Last week’s Industry At A Glance chart focused on the beef industry’s long-standing trend in which a great percentage of the slaughter mix is grading Choice and Prime. The focus occurred because, in combination, the total percentage of Choice and Prime carcasses recently surpassed 75% - a new record.
As part of that discussion, I noted that, “The beef industry has been highly committed during the past 20 years to improving the quality and consistency of beef products. The business has become increasingly effective at incentivizing producers along the way to become more consumer-centric. Producers have responded accordingly. All resulting in widespread strategic changes with respect to breeding systems, genetics and management systems to achieve the grading trend outlined in the graph.”
The outcome of that commitment and response to economic signals is even more telling when looking at what’s occurred from a tonnage perspective. Since 2000, Choice and Prime tonnage has increased by nearly 2 billion pounds, while “other” tonnage (Select and No-Rolls) has declined by 3 billion pounds. That occurrence is perhaps even more significant when considering that fed cattle marketings have declined by nearly 3.7 million head (15%) during the same time frame.
So while marketings have declined, the industry has compensated by making cattle bigger. Slaughter weights have increased by nearly 110 pounds since 2000. But meanwhile, cattle are grading better, resulting in the tonnage divergence seen in the illustration.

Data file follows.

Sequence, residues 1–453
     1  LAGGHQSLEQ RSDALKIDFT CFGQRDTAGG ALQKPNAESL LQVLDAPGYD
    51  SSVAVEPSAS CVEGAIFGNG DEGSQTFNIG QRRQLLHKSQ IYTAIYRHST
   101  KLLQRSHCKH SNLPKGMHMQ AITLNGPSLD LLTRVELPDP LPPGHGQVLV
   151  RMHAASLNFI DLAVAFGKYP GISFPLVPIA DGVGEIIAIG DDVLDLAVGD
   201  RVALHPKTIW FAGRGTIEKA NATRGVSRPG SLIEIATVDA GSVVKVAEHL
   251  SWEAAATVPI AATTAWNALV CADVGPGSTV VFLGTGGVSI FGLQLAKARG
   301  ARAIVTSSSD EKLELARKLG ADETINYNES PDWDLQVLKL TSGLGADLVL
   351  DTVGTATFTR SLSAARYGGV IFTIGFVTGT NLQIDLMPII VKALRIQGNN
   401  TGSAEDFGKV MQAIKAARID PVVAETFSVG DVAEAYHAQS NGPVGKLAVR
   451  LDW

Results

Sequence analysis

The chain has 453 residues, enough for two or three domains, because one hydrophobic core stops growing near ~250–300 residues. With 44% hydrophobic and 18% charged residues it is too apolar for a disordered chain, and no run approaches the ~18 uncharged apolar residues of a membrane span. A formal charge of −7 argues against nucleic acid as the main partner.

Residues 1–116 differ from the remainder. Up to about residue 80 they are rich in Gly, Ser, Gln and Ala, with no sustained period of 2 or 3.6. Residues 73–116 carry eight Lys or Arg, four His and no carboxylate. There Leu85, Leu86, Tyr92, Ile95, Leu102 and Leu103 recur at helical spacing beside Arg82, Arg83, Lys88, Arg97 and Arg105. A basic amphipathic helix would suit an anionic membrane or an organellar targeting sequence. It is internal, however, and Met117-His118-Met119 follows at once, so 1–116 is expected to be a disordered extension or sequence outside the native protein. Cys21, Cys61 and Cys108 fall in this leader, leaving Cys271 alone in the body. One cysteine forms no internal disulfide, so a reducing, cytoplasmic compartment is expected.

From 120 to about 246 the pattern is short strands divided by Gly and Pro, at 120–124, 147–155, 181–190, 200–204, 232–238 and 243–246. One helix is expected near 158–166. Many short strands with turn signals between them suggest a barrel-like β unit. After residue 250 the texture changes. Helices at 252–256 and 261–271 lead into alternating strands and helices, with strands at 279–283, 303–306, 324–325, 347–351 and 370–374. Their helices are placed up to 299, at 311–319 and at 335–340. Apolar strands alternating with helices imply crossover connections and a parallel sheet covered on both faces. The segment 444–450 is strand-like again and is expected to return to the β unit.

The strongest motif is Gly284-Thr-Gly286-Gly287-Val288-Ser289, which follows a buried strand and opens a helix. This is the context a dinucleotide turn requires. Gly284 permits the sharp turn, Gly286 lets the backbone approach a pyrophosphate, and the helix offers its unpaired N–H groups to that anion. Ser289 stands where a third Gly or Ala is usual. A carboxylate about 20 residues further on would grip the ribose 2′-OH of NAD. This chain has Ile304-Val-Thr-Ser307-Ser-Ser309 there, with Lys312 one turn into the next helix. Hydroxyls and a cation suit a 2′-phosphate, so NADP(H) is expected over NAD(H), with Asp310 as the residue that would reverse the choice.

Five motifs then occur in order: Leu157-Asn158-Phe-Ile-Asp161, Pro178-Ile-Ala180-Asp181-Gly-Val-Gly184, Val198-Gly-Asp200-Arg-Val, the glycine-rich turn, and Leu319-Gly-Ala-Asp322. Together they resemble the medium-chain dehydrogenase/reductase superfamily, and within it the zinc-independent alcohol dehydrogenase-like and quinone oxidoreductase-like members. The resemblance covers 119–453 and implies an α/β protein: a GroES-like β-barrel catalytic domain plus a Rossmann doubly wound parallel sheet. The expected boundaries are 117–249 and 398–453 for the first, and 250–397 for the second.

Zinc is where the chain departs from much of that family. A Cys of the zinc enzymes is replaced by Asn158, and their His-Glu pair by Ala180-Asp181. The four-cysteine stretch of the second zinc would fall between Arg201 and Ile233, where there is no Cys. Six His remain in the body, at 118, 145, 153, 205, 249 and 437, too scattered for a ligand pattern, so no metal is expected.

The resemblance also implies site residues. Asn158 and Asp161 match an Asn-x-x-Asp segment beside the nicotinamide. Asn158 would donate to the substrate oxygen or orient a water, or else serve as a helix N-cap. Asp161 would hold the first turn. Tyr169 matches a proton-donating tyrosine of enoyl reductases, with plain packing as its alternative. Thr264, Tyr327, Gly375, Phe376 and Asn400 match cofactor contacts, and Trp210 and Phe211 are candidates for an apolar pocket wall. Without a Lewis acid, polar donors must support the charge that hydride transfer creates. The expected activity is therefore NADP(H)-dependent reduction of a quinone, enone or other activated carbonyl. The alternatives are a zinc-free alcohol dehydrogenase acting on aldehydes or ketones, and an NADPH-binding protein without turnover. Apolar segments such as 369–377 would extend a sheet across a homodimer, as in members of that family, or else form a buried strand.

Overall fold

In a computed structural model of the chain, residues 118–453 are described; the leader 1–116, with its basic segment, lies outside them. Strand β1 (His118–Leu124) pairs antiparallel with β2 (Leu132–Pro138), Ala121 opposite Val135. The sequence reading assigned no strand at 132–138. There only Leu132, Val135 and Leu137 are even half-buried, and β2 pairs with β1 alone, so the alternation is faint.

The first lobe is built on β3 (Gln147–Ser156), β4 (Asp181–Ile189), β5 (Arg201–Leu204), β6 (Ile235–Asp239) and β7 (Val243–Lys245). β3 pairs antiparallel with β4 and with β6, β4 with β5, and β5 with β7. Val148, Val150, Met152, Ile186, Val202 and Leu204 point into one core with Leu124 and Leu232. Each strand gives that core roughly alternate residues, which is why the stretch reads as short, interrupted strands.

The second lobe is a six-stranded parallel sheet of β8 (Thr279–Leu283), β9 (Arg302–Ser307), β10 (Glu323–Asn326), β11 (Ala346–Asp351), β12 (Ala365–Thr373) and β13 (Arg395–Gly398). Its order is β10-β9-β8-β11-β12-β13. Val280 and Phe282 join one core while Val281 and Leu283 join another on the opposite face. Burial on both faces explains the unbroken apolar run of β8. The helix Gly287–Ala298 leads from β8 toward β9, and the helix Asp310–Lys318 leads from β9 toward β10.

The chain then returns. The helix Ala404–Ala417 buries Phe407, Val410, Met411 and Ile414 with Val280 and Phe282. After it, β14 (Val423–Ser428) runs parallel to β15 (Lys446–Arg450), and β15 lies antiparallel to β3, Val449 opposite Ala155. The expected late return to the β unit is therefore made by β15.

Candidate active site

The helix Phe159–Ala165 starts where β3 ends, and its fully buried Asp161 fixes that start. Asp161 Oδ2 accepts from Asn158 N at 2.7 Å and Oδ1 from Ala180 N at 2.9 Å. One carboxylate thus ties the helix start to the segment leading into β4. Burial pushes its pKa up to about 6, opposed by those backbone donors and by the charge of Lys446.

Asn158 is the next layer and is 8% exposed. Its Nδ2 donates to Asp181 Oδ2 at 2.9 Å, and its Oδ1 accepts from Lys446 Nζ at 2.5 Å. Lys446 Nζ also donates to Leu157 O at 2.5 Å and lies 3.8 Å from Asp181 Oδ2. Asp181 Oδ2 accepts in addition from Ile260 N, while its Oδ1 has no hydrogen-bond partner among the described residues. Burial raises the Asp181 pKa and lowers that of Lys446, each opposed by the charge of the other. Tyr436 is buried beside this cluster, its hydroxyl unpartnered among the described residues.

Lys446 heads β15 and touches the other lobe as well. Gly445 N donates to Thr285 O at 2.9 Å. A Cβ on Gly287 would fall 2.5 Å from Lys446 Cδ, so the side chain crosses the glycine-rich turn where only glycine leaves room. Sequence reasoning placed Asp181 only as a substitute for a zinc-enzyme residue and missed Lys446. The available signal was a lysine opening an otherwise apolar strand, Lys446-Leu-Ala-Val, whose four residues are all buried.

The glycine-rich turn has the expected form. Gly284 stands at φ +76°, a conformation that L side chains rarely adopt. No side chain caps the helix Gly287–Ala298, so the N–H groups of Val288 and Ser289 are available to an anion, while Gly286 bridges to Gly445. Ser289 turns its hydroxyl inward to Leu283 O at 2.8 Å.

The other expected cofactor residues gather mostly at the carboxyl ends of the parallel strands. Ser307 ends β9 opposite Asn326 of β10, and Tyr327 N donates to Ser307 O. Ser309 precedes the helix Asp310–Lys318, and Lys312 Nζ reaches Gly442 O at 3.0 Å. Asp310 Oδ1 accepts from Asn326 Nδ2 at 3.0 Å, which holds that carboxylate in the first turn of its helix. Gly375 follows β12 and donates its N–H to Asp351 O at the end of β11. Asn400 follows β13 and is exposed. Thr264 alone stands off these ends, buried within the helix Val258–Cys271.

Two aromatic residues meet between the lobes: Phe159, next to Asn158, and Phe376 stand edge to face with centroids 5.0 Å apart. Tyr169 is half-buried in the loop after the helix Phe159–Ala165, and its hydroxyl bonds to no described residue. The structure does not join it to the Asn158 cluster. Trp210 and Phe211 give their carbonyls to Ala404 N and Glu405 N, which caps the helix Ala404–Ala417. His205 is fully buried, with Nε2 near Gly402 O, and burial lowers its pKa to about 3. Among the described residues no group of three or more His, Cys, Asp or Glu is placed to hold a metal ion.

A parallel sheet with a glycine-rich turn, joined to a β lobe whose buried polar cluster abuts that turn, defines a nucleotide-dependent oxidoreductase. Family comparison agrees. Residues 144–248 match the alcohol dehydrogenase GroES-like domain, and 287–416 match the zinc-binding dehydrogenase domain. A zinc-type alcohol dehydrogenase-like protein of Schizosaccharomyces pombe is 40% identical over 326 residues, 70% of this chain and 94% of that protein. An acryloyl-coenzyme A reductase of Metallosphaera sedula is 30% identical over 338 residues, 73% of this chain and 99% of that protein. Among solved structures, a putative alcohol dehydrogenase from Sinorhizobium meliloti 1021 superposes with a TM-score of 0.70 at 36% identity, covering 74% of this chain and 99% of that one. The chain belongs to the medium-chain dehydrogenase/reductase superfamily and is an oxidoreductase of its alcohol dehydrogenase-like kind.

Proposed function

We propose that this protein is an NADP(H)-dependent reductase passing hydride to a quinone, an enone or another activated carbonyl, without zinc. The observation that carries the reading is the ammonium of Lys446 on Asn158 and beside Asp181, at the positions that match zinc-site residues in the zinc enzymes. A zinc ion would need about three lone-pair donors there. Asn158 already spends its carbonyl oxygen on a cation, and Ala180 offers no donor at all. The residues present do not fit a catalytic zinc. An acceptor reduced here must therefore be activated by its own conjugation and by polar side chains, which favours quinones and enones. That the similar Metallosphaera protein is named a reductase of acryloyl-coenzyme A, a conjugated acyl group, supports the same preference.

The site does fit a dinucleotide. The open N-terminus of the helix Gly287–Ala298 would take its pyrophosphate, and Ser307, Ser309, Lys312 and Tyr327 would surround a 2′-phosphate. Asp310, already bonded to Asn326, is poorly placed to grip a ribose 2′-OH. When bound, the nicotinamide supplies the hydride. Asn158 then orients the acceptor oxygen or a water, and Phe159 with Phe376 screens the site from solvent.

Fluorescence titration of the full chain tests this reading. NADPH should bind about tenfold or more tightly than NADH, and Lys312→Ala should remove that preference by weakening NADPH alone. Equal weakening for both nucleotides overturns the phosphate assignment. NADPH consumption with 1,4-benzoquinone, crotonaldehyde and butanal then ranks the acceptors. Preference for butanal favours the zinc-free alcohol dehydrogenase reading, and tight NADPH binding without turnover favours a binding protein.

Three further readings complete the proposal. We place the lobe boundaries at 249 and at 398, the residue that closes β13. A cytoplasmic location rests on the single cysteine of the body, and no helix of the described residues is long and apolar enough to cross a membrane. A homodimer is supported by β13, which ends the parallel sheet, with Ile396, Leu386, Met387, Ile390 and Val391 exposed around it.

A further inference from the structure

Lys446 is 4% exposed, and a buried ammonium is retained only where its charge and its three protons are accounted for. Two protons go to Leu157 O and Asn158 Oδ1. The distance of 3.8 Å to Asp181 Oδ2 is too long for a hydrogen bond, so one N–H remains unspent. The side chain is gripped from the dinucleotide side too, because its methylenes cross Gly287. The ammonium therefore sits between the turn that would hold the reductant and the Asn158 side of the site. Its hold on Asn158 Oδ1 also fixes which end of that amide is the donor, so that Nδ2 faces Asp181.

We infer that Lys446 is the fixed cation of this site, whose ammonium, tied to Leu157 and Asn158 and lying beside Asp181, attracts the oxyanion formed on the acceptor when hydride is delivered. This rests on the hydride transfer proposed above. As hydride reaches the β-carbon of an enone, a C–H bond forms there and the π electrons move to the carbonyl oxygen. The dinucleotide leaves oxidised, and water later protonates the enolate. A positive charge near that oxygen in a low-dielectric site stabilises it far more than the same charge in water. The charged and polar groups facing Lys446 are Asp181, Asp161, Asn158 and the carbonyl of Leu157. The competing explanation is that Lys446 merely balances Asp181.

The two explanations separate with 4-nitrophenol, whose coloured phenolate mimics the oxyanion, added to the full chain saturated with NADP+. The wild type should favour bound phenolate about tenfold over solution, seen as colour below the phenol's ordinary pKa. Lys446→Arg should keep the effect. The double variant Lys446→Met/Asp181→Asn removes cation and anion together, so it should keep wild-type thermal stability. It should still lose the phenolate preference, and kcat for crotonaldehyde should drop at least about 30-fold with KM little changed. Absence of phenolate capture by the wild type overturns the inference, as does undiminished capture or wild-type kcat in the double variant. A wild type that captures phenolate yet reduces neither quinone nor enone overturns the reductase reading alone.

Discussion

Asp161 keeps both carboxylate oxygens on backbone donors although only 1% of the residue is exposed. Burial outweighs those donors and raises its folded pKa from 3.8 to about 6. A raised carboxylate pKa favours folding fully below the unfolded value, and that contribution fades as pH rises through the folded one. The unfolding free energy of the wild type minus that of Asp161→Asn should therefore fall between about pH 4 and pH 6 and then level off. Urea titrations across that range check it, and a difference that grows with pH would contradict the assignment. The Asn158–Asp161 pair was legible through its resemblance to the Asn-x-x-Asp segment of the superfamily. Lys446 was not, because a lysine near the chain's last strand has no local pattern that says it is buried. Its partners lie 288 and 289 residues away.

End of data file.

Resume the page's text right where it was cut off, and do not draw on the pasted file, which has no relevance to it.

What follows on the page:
Also noted last week, “Improved quality and consistency keeps consumers coming back – they’re more likely to make repeat purchases with little or no hesitation. And most important, when that occurs, it allows for improved pricing power – as the beef industry has witnessed during the past 15 months or so.”
This is an important trend. The question going forward is whether this type of divergence will continue. What’s your perspective on the relative tonnage divergence? Will the beef complex remain on the current path with the resultant production being increasingly comprised of Prime and Choice carcasses? Or will the quality grade mix plateau? How do you see this trend playing out? Are there broader implications to consider surrounding the current grading mix?
Leave your thoughts in the comments section below.
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